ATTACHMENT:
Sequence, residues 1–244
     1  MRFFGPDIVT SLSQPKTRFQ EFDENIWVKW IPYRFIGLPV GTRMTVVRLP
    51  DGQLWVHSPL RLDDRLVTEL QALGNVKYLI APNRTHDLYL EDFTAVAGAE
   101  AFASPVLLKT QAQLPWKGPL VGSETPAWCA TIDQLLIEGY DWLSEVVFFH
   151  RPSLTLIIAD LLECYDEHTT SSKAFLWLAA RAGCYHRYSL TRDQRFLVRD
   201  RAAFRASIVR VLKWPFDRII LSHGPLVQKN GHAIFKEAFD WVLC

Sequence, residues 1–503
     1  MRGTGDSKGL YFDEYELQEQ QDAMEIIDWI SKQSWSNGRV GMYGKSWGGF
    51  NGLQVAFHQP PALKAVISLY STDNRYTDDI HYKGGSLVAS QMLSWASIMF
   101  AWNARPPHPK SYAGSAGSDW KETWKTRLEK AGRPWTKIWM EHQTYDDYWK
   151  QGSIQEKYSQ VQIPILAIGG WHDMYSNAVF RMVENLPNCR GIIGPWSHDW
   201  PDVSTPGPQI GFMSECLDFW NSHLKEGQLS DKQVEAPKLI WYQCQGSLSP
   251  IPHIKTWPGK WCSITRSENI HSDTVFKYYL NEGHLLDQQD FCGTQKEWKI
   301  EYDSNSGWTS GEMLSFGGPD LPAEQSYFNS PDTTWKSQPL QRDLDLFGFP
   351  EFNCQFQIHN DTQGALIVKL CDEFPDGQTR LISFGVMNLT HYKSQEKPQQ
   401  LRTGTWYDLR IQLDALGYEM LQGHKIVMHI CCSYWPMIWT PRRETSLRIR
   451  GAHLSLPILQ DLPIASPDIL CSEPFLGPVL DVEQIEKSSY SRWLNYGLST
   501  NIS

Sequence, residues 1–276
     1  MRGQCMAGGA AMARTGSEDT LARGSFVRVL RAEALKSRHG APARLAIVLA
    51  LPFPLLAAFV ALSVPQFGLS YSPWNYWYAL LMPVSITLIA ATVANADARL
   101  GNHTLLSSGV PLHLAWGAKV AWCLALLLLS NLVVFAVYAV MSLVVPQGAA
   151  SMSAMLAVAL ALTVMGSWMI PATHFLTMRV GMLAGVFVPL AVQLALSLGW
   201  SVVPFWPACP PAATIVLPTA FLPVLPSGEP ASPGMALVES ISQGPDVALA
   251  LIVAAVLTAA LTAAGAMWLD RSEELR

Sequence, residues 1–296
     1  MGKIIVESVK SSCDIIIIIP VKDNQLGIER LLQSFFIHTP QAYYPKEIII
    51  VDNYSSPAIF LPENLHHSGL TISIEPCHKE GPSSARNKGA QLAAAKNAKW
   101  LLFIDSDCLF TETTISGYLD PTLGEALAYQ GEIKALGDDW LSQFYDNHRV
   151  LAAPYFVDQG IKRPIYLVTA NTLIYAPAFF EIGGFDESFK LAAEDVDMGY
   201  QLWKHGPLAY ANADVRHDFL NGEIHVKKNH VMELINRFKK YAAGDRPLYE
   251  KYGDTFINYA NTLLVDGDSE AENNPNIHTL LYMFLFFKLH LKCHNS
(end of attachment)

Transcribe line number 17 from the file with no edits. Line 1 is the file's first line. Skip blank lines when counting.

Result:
   451  GAHLSLPILQ DLPIASPDIL CSEPFLGPVL DVEQIEKSSY SRWLNYGLST